With the abundance of sexualized media directed at teens today, you might get the impression that they are constantly on the prowl to “hook up.” That’s not the case according to a new government study.
"The myth is that every kid in high school is having sex, and it's not true," noted Dr. Cora Breuner, a professor of pediatrics at Seattle Children's Hospital, who reviewed the findings. "It's less than half, and it's been less than half for more than 10 years," she said.
Sexual intercourse among teens has declined again after rates stabilized between 2002-2010, according to the National Center for Health Statistics report on teen sexual activity and contraceptive use released recently by the Centers for Disease Control and Prevention (CDC).
While the numbers aren’t exactly low enough to ease many parents’ minds, they are better than in previous years.
The study found that 42 percent of girls and 44 percent of boys - aged 15 to 19 - reported having sex at least once. That’s a huge decline from the peak of 1988 when 57 percent of teens between the ages of 15 and 19 reported having had sex.
And Breuner said that finding is nothing new. Going back to 2002, fewer than half of older teens told researchers that they are sexually active, federal data show.
Researchers also found that a higher percentage of teens having sex are involved in a relationship that is ongoing.
Three out of four girls participating in the study, said they were "going steady" with their first sexual partner, and a little more than half of the boys said the same. By comparison, only 2 percent of girls and 7 percent of boys said they lost their virginity to someone they just met.
"There's this myth that kids hook up quite a bit and have sex with someone they literally just met," Breuner said. "This dispels that myth, that our teenagers are having sex with people they don't know."
The statistics come from in-person interviews conducted with more than 4,000 teenagers across the United States between 2011 and 2015. Participation was voluntary and required parental permission, but responses were anonymous.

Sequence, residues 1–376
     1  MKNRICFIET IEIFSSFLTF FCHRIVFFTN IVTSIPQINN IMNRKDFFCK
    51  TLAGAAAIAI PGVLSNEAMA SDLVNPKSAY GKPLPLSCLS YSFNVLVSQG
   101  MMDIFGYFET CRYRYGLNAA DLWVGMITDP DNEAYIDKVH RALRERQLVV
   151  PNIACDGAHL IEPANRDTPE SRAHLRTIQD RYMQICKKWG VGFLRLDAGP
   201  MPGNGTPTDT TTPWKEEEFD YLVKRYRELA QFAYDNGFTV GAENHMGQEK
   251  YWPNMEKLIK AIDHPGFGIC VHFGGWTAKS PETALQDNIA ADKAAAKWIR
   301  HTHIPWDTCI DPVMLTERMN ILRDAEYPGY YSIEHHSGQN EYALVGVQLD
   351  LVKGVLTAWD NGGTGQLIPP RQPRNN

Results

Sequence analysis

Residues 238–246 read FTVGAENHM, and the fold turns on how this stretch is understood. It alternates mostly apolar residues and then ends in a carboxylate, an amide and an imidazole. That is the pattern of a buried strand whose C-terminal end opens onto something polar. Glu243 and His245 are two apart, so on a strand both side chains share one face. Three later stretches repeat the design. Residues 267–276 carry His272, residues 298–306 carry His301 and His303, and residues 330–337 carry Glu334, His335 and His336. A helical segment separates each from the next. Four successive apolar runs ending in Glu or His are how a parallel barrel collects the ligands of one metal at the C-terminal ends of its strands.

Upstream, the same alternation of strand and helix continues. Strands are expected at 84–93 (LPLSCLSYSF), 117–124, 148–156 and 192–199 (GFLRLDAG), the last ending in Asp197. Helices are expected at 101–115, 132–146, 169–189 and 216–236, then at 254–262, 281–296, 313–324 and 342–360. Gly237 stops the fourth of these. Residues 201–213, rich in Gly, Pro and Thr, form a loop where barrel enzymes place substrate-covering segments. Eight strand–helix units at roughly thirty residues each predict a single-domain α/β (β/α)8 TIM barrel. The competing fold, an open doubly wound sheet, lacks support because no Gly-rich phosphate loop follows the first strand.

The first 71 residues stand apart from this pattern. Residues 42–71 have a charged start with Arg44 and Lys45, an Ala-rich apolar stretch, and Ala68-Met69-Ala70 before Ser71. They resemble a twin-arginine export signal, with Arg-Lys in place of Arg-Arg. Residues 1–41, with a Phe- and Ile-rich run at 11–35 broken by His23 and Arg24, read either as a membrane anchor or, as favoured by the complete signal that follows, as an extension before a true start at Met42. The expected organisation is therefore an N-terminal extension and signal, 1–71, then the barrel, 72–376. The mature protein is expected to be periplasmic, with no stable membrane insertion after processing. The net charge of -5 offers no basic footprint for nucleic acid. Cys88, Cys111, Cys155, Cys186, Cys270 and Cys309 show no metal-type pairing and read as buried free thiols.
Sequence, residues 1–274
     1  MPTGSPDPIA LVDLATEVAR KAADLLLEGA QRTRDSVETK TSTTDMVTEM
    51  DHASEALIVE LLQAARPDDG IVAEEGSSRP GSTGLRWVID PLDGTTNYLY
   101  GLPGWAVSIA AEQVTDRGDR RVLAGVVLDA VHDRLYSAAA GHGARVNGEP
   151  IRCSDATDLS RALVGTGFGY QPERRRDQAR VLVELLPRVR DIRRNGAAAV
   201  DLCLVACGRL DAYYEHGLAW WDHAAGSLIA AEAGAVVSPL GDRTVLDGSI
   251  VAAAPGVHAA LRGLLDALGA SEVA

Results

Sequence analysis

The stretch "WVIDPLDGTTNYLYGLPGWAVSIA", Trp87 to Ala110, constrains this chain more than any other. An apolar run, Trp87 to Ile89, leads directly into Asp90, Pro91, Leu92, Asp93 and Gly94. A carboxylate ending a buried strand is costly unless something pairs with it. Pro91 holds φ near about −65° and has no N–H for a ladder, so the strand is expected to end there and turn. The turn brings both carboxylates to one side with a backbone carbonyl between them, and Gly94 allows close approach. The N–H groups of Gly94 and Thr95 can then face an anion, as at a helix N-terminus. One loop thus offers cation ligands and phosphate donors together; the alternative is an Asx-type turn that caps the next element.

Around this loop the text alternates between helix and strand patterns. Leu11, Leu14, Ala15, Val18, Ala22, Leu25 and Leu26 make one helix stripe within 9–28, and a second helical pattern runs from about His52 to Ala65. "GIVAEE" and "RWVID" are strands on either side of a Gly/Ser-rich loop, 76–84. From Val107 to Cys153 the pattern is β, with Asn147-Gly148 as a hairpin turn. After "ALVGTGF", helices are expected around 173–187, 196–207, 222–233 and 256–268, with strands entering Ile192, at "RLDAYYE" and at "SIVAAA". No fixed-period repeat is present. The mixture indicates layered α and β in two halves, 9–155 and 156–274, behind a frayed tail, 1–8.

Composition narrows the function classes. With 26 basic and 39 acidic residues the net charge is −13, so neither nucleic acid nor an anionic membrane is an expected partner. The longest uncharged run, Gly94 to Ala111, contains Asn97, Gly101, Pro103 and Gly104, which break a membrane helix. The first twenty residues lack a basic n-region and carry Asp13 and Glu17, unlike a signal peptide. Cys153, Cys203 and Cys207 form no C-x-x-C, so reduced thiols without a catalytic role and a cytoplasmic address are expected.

Today’s teens are more aware of and better educated about the dangers of sexually transmitted diseases such HIV and AIDS. Back in 1988, 51 percent of girls and 60 percent of boys between 15 and 19 said they were sexually active, but those numbers dropped to today's levels after word spread of a sexually transmitted disease that could kill, Breuner said.
Teens are also more concerned about the long-term consequences of pregnancy. Nine out of ten participants in the study said they use some form of birth control. Contraception is widely available now; particularly condoms and teens have better access to all forms of birth control than in decades before.
At the same time, parents have become more at ease with talking about sex and making sure their teens engage in smart sex, Breuner added.
"Parents honestly to their credit were much more willing to talk about this with their teenagers and were more proactive in making sure they had access to contraceptives," she said.
The study was published in the June edition of the CDC’s National Health Statistics Report.
Story sources: Dennis Thompson, http://www.upi.com/Health_News/2017/06/22/Study-Most-US-teenagers-arent-having-sex/4041498137424/